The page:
P476. Induction therapy with infliximab in children with moderate to severe ulcerative colitis
M. Szychta1, M. Dadalski1, P. Landowski2, B. Klincewicz3, M. Sladek4, K. Karolewska-Bochenek5, G. Czaja-Bulsa6, E. Jarocka-Cyrta7, B. Korczowski8, J. Kierkus1, 1The Children's Memorial Health Institute, Department of Gastroenterology, Hepatology and Feeding Disorders, Warsaw, Poland, 2Medical University of Gdansk, Chair and Department of Pediatrics, Pediatric Gastroenterology, Hepatology and Nutrition, Gdansk, Poland, 3Poznan University of Medical Sciences, 1st Chair of Pediatrics, Department of Pediatric Gastroenterology and Metabolism, Poznan, Poland, 4Jagiellonian University School of Medicine, Department of Pediatrics, Gastroenterology and Nutrition, Cracow, Poland, 5Medical University of Warsaw, Department of Pediatric Gastroenterology and Nutrition, Warsaw, Poland, 6Pediatric Nursery Unit of Pomeranian Medical University, Division of Pediatrics, Gastroenterology and Rheumatology of Zdroje Hospital in Szczecin, Szczecin, Poland, 7Medical University of Bialystok, Department of Pediatrics, Gastroenterology and Allergology, Bialystok, Poland, 8Medical College. University of Rzeszow, Department of Pediatrics. State Hospital no 2, Rzeszow, Poland
Ulcerative colitis (UC) in children has a variable clinical course ranging from mild to severe phenotype. Treatment of UC depends on disease activity determined by Pediatric Ulcerative Colitis Activity Index (PUCAI) and the extent of mucosal inflammation assessing in colonoscopy. Some clinical data from USA and Western Europe demonstrate that infliximab is efiicient in children with moderate to severe ulcerative colitis and reduces the quantity of colectomies in this group. The aim of the study was to assess the efficacy and safety of induction therapy with infliximab in Polish children with moderate to severe ulcerative colitis.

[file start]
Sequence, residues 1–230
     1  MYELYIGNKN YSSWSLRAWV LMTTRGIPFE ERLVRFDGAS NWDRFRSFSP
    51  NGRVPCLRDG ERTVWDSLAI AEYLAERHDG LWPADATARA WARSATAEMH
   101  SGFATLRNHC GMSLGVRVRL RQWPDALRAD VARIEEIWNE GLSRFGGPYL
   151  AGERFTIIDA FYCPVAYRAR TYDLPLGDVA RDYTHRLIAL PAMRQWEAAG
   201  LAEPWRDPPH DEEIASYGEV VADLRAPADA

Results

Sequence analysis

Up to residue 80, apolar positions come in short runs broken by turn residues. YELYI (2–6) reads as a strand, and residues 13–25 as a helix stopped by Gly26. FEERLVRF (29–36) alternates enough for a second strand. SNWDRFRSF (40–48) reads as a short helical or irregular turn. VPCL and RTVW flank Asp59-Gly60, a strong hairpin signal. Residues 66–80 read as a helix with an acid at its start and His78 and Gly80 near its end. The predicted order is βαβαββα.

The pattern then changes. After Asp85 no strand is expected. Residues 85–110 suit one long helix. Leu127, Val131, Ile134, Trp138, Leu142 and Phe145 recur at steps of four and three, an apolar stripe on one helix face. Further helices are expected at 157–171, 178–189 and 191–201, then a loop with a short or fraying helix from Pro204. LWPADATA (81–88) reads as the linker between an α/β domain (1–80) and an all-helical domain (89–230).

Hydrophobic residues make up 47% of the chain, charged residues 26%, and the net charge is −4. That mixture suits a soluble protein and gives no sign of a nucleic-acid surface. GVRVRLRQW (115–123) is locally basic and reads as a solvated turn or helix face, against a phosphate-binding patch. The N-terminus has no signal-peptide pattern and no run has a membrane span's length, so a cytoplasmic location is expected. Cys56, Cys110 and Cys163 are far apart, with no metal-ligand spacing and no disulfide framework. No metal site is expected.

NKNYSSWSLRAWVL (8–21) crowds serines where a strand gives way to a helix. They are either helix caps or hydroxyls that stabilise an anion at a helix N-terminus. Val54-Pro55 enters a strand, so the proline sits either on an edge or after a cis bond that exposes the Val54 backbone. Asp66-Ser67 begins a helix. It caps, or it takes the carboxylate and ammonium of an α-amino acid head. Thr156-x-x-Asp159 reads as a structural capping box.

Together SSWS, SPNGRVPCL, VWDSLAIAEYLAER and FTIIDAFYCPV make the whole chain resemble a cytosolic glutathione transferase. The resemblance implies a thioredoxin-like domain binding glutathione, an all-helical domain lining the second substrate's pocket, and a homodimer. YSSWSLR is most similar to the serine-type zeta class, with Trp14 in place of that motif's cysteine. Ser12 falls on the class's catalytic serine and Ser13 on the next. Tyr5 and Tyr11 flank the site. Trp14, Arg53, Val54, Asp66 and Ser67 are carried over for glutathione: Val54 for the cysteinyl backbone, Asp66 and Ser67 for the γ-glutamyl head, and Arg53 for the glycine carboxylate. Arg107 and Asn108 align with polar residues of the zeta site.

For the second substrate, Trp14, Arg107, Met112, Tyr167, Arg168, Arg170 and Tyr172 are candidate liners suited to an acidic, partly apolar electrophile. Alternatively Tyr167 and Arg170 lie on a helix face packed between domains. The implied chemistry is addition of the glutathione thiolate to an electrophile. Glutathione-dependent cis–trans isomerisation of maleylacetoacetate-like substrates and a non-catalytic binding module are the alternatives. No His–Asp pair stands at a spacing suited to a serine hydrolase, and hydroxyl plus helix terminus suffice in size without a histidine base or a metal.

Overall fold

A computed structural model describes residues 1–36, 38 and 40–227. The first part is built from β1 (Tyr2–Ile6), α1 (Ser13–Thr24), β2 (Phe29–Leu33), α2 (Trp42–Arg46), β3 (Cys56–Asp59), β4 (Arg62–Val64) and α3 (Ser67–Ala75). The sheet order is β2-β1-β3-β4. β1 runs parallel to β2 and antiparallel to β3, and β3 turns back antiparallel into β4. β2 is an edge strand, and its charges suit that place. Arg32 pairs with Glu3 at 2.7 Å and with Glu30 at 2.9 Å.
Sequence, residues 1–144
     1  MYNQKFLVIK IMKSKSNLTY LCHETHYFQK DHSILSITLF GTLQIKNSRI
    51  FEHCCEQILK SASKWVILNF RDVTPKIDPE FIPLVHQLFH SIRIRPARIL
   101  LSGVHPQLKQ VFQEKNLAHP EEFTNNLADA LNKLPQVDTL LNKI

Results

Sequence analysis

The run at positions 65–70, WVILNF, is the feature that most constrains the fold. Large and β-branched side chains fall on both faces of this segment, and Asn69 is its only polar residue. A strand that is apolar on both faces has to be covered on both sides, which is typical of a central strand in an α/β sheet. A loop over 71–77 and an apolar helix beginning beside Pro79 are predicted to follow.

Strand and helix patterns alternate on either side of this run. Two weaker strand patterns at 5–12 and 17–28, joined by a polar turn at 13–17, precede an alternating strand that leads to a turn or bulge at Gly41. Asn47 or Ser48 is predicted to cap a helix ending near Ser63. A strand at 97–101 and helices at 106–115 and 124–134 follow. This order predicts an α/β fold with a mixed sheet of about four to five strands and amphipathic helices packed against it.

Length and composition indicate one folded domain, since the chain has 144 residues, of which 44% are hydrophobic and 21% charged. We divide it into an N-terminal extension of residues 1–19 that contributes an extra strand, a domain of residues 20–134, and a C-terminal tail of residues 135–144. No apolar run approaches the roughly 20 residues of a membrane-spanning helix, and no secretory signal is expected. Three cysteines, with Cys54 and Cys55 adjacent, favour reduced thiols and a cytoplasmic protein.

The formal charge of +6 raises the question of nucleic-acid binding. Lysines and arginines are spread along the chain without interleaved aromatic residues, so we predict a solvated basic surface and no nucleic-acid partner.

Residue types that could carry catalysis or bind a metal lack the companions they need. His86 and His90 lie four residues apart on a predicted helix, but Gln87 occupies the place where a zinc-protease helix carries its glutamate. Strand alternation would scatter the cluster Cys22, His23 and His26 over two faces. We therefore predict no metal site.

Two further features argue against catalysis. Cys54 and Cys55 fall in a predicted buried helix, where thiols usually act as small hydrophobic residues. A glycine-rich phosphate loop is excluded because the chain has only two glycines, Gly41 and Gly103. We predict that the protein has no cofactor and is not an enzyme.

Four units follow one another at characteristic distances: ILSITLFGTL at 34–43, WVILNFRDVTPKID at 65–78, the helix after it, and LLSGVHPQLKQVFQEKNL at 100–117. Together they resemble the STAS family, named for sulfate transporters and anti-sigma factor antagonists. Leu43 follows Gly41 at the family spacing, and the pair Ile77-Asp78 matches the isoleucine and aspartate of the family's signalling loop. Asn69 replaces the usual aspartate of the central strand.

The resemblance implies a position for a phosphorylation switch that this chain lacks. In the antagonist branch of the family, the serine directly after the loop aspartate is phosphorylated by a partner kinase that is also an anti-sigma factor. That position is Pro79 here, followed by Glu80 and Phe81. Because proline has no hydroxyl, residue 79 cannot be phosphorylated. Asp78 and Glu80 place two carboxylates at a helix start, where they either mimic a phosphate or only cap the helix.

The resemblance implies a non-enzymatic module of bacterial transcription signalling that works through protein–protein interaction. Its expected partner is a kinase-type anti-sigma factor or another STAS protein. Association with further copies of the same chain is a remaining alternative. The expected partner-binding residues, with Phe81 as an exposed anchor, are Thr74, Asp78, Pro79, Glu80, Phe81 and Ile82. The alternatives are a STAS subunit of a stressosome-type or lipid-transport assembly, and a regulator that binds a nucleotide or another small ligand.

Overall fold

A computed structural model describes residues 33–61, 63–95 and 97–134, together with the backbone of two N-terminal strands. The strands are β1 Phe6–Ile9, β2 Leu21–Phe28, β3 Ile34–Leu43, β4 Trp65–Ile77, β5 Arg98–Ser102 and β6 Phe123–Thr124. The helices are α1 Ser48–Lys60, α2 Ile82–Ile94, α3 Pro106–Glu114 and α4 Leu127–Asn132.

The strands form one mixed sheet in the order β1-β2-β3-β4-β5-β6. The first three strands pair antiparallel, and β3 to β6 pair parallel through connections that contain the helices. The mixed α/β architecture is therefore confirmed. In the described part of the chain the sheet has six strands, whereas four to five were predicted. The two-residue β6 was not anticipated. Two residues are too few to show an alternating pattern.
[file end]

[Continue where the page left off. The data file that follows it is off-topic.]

The retrospective analysis of 44 patients (23F, 21M) aged 14±3.9 y [mean±SD] with moderate to severe ulcerative colitis (PUCAI >30 points; 58.8±15.1 points [mean±SD]) and endoscopic evaluation who received induction therapy with infliximab 5 mg/kg at weeks 0, 2, and 6. According to Paris classification the endoscopic extension were: E1–0pts (0%); E2–11pts (25%); E3–10pts (23%); E4–23pts (52%); and the severity S0–7pts (16%); S1–37pts (84%). Endoscopic severity according to Baron classification was: Baron1–1pts (2%); Baron2–17pts (39%); Baron3–26pts (59%). Clinical (PUCAI score) and endoscopical (Baron classification) evaluations were performed at week 10 after 3 doses of infliximab. The primary endpoints were: clinical response defined as decrease of PUCAI >19, mucosal response defined as improvement in Baron classification and mucosal remission defined as Baron classification 0 (no endoscopic changes). The secondary endpoint was clinical remission defined as PUCAI <10.
Twenty-eight out of the 44 (64%) patients had clinical response, 25 out of 44 (57%) had mucosal response and 5 out of 44 (11%) had mucosal remission. 6 patients did not receive three doses of infliximab, 3 had allergic shock and 3 had to have colectomy performed. Eleven out of the 44 (25%) patients had clinical remission at week 10.
Infliximab is efficient and safe as an induction therapy in children with moderate to severe ulcerative colitis and improves mucosal appearance in about 60% cases. Clinical remission is not equivalent to mucosal remission in children with UC.